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Global English and Arabic

Issues of Language, Culture, and Identity


Edited By Ahmad Al-Issa and Laila S. Dahan

This volume contains selected chapters from researchers and scholars concerning global English in the Arab world. It brings a new perspective to the phenomenon of global English as today’s lingua franca by focusing on an area of the world that is troubled by the spread of English. The book goes to the heart of a linguistic dilemma: the impact of global English on the Arabic language, Arab culture, and identity. New empirical evidence and insights into this problem are presented by a variety of researchers. The majority raise concerns about the long-term viability of Modern Standard Arabic in the face of global English. In light of the ever-expanding growth of global English, this book gives voice to the worries of people in the Arab world about maintaining their language, culture, and identity.


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Silvia Pessoa and Mohanalakshmi Rajakumar - 6 The Impact of English-medium Higher Education: The Case of Qatar -153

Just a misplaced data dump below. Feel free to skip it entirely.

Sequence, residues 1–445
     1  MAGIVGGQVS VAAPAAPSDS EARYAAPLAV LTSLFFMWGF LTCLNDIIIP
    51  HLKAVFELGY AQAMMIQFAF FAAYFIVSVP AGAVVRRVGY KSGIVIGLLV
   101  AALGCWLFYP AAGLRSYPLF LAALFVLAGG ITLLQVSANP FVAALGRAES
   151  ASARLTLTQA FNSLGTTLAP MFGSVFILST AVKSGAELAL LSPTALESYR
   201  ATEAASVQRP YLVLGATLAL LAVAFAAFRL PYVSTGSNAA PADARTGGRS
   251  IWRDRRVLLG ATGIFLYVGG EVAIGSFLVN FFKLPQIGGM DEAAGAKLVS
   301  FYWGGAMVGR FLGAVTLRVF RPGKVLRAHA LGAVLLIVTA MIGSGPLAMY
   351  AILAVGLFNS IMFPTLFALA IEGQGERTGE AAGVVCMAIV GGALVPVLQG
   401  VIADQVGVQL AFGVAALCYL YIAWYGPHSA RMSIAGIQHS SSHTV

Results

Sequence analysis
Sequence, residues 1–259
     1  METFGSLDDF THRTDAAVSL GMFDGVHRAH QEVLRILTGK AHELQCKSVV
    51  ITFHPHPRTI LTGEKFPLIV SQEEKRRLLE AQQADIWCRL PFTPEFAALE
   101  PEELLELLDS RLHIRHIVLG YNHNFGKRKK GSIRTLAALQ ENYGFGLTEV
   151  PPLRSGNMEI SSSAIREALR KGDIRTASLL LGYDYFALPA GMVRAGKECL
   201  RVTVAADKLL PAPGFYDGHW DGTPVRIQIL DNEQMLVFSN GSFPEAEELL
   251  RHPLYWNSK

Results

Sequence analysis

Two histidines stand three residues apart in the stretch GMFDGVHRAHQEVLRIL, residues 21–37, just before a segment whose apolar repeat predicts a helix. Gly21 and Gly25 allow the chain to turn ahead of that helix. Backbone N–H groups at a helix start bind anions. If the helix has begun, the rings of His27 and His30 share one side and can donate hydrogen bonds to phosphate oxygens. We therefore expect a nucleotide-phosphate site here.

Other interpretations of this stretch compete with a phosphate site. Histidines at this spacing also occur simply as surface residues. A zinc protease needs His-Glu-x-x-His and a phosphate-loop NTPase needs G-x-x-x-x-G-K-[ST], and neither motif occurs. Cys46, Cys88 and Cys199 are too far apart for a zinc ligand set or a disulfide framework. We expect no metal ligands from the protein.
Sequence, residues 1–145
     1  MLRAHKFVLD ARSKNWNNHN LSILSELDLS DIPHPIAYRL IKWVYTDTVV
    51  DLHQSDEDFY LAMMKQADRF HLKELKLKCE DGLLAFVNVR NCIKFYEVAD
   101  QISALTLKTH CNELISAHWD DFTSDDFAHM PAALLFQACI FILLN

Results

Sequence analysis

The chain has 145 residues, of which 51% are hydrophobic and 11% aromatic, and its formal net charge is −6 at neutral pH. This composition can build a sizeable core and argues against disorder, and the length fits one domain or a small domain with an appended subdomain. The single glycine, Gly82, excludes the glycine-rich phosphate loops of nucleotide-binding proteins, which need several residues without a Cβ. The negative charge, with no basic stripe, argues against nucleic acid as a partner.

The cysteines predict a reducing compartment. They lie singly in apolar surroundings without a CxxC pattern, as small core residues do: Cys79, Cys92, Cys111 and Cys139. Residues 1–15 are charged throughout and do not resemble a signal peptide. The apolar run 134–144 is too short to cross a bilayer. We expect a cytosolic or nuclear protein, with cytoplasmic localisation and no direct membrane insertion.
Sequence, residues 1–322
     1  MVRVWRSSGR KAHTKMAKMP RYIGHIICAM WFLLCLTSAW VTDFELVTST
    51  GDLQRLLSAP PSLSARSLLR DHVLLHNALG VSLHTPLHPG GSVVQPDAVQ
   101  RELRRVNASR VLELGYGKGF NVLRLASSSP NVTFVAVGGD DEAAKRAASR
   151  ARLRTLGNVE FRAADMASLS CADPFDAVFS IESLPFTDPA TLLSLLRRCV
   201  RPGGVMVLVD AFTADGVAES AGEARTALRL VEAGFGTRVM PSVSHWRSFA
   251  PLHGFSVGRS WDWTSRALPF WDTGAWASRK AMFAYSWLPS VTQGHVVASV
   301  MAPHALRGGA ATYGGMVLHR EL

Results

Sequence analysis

Silvia Pessoa and Mohanalakshmi Rajakumar 6 The Impact of English-medium Higher Education: The Case of Qatar Abstract While the spread of English has led to the increasing development of world bilin- gualism and all its benefits, in recent years the colonial heritage of English as the language of western cultural domination has come under scrutiny alongside the rise of globalization. Qatar is no exception to these tensions, particularly as it has invited and encouraged the promotion of English-medium education in order to participate in the era of globalization. While the spread of English in Qatar is in tandem with its modernization and rapid development, some fear that progress is in contradiction with Muslim culture and that the spread of English may cause Arabic language loss. Despite this reality, there has been little documented research on youth attitudes towards English in Qatar because it is generally assumed that the young embrace all signs of modernity without any reservations. This chapter reports on a pilot study examining undergraduate students’ perspectives on the impact of English-medium education on Arab and Muslim culture, language, and identity through a survey, self- assessments of language abilities, focus groups, and personal interviews. Fifty students from Carnegie Mellon University in Qatar and Qatar University were surveyed and a sample participated in a focus group or an individual interview. The findings indi- cate that while academic and professional uses of Arabic may be lost in the future, students understand the complexity of their reality embracing their bilingualism and cultural...

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